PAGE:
THE country’s edible oil producers have said they are only getting 30 percent of their foreign currency requirements from official allocations, but insist the country has adequate stocks of the basic commodity.
Current cooking oil shortages are linked to the foreign currency crunch, but panic buying was blamed for fuelling the crisis. In a statement this week, the Oil Expressers Association of Zimbabwe (OEAZ), which represents seven major producers controlling 95 percent of the market, said foreign currency allocations to its members had dropped from 44 percent of requirements in the first seven months of the year, to just under a third of total needs currently.
“OEAZ members require at least $5 million per week ($20 million per month) to import soya beans, crude edible oils and other materials to satisfy … national demand for oil and related products … For the 28 weeks ended 31 July 2017, OEAZ members have received $61 million which is $2,2 million per week ($8,8 million per month) which is 44 percent of what the sector requires to satisfy national demand. “In the last two months, foreign currency allocations have been further constrained to less than $1,5 million per week (i.e. 30 percent of the sector’s actual foreign currency allocation requirements).
This is possibly linked to reduced tobacco sales inflows,” said OEAZ in its statement. More worrying, said the oil producers, was the fact that the prevailing foreign currency allocations “mean that OEAZ members’ credit lines for raw materials have now reached maximum levels and members can no longer access raw materials on credit from foreign suppliers as they normally do”. The oil manufacturers have suggested that the Reserve Bank of Zimbabwe (RBZ) should immediately increase foreign currency allocations to the sector or extend Letters of Credit to OEAZ members that would enable them to import more raw materials.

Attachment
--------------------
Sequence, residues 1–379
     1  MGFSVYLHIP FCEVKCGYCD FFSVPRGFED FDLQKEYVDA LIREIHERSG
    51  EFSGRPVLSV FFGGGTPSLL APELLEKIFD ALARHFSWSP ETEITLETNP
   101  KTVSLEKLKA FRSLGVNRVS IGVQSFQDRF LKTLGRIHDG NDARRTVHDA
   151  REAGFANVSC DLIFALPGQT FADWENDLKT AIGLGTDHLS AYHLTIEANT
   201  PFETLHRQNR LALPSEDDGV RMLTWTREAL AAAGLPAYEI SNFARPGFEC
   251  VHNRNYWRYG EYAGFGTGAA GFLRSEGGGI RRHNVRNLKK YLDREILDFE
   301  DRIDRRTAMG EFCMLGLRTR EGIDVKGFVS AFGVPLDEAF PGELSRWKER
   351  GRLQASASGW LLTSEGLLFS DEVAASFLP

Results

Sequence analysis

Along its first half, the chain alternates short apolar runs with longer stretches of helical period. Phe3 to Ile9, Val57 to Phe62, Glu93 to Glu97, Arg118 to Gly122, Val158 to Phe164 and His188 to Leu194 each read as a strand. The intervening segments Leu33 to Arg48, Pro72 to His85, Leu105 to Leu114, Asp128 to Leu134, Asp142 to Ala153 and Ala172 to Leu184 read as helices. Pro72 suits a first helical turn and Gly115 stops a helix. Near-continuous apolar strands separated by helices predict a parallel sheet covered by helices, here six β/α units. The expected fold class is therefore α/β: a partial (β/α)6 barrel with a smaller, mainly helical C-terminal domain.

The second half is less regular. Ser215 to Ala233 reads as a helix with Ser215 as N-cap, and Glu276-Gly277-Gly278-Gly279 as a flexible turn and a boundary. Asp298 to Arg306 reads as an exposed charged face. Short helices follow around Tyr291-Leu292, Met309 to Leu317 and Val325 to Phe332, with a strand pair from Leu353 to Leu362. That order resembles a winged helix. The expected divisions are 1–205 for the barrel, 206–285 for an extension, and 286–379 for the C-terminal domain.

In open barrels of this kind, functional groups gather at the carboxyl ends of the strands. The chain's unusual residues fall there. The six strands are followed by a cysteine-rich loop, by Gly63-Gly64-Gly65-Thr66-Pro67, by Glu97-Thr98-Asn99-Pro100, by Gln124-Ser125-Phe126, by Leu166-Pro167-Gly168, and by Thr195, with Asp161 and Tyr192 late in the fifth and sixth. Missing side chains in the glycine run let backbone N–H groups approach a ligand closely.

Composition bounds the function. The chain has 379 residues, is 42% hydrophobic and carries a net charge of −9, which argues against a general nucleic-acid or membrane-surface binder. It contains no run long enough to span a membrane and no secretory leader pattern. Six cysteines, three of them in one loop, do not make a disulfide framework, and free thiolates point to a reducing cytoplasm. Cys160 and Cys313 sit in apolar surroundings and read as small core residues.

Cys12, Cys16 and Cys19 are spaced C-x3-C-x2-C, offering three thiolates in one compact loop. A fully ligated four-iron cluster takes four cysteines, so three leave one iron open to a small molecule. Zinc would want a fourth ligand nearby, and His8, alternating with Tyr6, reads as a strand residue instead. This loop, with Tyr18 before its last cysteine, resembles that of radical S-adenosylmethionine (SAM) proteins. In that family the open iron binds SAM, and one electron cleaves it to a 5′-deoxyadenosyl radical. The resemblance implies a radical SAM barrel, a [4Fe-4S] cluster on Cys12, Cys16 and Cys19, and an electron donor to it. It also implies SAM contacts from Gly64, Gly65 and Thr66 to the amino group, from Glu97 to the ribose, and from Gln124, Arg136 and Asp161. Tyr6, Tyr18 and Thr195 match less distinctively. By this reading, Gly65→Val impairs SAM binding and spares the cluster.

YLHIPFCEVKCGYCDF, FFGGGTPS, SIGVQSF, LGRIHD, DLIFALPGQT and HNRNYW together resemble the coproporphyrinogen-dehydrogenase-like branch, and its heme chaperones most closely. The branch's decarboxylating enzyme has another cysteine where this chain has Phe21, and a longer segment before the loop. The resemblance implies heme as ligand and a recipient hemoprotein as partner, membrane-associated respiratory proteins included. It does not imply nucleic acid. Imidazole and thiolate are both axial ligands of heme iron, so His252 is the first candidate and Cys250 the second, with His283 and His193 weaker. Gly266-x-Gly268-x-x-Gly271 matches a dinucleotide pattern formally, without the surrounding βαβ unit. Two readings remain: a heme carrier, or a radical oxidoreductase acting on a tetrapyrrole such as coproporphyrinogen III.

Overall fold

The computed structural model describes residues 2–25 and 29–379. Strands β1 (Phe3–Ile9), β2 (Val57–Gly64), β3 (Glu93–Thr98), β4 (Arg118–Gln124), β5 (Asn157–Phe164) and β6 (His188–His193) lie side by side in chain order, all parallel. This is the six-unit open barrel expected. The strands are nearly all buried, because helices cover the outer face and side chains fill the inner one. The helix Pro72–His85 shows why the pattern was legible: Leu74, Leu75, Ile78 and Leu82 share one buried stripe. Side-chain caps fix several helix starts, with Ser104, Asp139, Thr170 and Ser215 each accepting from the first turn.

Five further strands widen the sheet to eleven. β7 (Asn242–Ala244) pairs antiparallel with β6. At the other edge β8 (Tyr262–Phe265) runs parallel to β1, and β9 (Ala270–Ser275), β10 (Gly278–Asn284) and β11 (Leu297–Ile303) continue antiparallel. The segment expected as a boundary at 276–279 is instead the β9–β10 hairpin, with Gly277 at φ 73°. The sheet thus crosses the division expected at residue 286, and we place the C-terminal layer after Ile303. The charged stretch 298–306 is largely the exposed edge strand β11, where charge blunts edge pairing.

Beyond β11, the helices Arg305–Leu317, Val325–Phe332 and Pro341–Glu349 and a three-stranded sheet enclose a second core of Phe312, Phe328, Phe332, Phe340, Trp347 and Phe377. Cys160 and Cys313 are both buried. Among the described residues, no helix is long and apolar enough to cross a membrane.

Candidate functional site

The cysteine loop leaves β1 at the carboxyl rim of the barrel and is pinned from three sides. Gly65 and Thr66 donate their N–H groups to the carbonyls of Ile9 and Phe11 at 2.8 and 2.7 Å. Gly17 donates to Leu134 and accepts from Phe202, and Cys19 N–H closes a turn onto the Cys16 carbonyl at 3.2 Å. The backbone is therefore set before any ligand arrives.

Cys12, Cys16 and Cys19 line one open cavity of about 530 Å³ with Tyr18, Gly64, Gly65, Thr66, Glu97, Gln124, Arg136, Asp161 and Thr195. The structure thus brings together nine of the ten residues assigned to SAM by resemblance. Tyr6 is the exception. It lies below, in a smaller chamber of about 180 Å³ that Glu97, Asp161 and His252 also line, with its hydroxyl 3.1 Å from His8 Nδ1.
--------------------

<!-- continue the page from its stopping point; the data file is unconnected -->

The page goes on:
The association has also indicated that input and raw material costs have “escalated dramatically in the last few months” leading to upward price adjustments. “The poor liquidity and scarcity of foreign currency has meant that fast-moving consumer goods such as edible oils have become a substitute for cash as a store of value to the informal trade and fuelling higher demand and price inflation,” said OEAZ. In a separate statement, one of the OEAZ members, Surface Wilmar, said the prices of its products had not changed and implored retailers to sell its products at recommended prices.
“Cooking oil has been classified by the RBZ as a basic commodity and therefore receives priority on forex allocations. This should ensure our customers and consumers on the continued availability of our products on the shelves. The current panic buying and hoarding only serves to distort the perceived availability, but we are assured that this is only a short term phenomenon,” said Surface Wilmar in a statement. – FinGaz